Saturday, February 11, 2006

Peter Pan is a very deep movie. It contains what I believe are the most horrifying words I have ever heard spoken by a woman. Peter and Wendy are fighting:

Wendy (angry, shouting): Sir, you are both ungallant and deficient!
Peter (arrogant): How am I deficient?
Wendy (whispering, in sudden realization): You're just a boy.

Watch the movie; this exchange is simply awful (not artistically; artistically I adore it). Of course, the ways in which Peter is just a boy are myriad - he is Peter Pan, after all. But the immediate way in which Wendy means what she says is that he is afraid. She is calling him a coward.

I saw The Vagina Monologues tonight, and their 2006 spotlight is on the case of Japanese comfort women in World War II (I hope that your WWII education covered this, but in case it didn't, the Japanese military abducted or deceived a great many young women for servicemen to use as sex slaves during that war). They had a new monologue about the experience of those women.

If you know me well, it will come as no surprise that that monologue made me think of the servicemen's experience. What had they gone through to precipitate their participation in the serial rape of these women? How did they feel about it now? Were there any heroes among them who had done what they could for these abducted girls? How many of them had a moment of clarity where they recognized the barbarity, the utter smallness of what they were doing, and were driven by other horrors into doing it anyway?

I don't mean to excuse the institution, or the actions of those who participated in it. I do mean to call attention to two facts. The first is that the evils of rape go both ways. It is horrible to be raped. It is also horrible to rape someone. I should not wish either experience on my worst enemy.

The second is that this monologue made me think of something which I have wrestled with for at least a decade now: that people get hurt when men give in to fear. More simply put: cowards kill people. Each of the men who drove their Arrows into those women (thanks for the book, Blue Rose) had their own story. Like as not their psyches were battered by their own horror stories of the awesome calamity that was the Second World War. I expect that many of them, deep down, were driven to these proferred women for the animal comforts of sex and control.

I can sympathize with such a story (even feel sorry for the men in it) but it is ultimately a boy's story, ungallant and deficient. A man does not face his fears and rape an abductee. He faces them and overcomes them by grace through faith.

This basic maxim, that cowards kill people, is the reason that Alanna is one of my literary goddesses. It is the reason that Keladry became one, later on. Anybody willing to be halfway honest with himself can see that the world is full of girls seriously wounded (or being wounded) by the cowardice of one or more men. Men and knights (a knight is not a man, but I think a man will be a knight in all the ways that count) don't do that. As Tortallan knights are instructed: You will be sworn to protect those weaker than you. To wear the shield of a knight is an important thing. It means you may not ignore a cry for help. It means that rich and poor, young and old, male and female may look to you for rescue, and you cannot deny them. You may not look away from wrongdoing. The world is full of males ungallant and deficient, mere boys who never grew up into the Narnian kings they were meant to be. And God help me, I'm one of them.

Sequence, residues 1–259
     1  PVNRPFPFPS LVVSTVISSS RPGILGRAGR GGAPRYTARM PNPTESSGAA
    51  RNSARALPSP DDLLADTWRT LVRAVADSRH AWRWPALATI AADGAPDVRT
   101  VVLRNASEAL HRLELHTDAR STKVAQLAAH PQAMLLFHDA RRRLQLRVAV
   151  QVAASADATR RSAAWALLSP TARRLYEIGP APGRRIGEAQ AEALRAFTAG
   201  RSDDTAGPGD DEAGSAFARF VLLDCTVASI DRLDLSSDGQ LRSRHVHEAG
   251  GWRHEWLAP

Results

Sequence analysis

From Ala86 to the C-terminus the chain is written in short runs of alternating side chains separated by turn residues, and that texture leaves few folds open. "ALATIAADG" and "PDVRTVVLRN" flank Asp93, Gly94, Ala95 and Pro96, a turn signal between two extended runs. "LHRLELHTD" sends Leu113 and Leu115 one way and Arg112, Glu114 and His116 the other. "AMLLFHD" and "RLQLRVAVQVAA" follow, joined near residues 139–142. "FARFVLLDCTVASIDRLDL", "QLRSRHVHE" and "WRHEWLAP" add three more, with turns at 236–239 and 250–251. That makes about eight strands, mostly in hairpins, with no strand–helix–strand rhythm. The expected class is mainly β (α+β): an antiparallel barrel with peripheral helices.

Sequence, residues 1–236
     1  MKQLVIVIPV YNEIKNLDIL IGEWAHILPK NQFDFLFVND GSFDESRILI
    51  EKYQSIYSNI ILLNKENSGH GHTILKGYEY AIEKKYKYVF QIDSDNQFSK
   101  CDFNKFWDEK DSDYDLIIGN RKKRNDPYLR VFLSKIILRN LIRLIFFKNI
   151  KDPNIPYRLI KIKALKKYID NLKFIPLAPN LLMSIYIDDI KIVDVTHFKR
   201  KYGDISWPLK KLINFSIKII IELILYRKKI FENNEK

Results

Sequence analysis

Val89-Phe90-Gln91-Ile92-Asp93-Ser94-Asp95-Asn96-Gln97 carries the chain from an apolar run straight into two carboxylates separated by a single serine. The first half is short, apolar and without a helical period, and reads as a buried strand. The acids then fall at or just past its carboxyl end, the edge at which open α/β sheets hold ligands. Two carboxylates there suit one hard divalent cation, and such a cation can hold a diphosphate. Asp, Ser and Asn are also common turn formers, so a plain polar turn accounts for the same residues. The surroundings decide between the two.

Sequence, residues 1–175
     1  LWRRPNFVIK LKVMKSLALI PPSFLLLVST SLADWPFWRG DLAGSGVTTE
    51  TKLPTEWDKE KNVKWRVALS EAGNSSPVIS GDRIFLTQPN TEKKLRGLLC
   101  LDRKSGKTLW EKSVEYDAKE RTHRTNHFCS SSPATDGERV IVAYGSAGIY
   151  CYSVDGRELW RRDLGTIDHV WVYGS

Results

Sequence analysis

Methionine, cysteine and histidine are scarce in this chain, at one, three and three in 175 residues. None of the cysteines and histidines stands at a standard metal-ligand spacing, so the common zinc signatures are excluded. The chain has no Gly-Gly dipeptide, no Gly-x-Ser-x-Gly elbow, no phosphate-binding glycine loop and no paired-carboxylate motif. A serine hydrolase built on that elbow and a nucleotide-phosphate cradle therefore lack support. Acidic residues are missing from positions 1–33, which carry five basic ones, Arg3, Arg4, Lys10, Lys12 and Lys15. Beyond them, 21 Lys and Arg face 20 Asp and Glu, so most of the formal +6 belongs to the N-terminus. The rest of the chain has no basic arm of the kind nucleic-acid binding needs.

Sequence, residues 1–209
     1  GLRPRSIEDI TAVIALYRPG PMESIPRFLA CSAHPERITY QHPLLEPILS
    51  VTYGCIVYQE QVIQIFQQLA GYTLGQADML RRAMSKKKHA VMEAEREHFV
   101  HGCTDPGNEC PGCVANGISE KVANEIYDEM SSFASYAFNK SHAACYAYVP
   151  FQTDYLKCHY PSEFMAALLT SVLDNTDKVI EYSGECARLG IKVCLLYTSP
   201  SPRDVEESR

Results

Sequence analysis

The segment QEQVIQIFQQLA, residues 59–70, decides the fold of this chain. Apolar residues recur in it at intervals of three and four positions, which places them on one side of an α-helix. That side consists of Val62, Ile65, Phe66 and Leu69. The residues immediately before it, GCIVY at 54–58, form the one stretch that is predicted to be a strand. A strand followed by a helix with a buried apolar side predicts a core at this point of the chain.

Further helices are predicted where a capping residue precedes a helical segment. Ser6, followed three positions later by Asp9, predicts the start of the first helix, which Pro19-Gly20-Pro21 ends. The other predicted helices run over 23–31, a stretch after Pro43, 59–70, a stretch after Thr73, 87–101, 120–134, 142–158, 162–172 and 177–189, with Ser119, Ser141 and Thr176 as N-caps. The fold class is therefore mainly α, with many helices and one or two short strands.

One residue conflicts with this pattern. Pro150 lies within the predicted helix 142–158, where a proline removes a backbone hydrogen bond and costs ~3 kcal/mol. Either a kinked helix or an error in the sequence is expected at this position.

This is why I say that this maxim has dogged me ever since I first apprehended it. So far as it goes, I think it is merely a statement of truth: cowards kill people. Cowardice (being ruled by fear) pertains to death. Courage (acting despite fear) pertains to life. God has not given us a spirit of fear, etc. But he has not just given us the Spirit of power and love and sophrosune. He has given us the Spirit of Life Himself. So far, so good. But what am I to make of the fact that cowardice pertains to death? The obvious answer is that I must be brave. I might even instruct myself as Alanna was instructed: You have learned the laws of Chivalry. Keep them in your heart. Use them as your guides when things are their darkest. They will not fail you if you interpret them with humanity and kindness.

I have made that mistake often enough to be utterly convinced it is a mistake. For one thing, it's acting out of fear - fear of cowardice, but fear nonetheless. But more importantly, I cannot make myself courageous by act of will or moral effort. Anybody who has tried to be courageous will know the truth of this, and the greatest of the historical knights testify (I know, I just read one of them) that both courage and chivalry come alone by the grace of God. If I cannot be courageous by trying, what then? What is there but to admit that I am ungallant and deficient, and just admit that I'm going to kill people?

I think the answer is that courage - indeed, manhood itself - comes only by grace through faith. Isaiah 35:4-6 says,

Say to those who are fearful-hearted,
"Be strong, do not fear!
Behold, your God will come with vengeance,
With the recompense of God;
He will come and save you."
Then the eyes of the blind shall be opened,
And the ears of the deaf shall be unstopped.
Then the lame shall leap like a deer,
And the tongue of the dumb sing.

Then, boys will be men.

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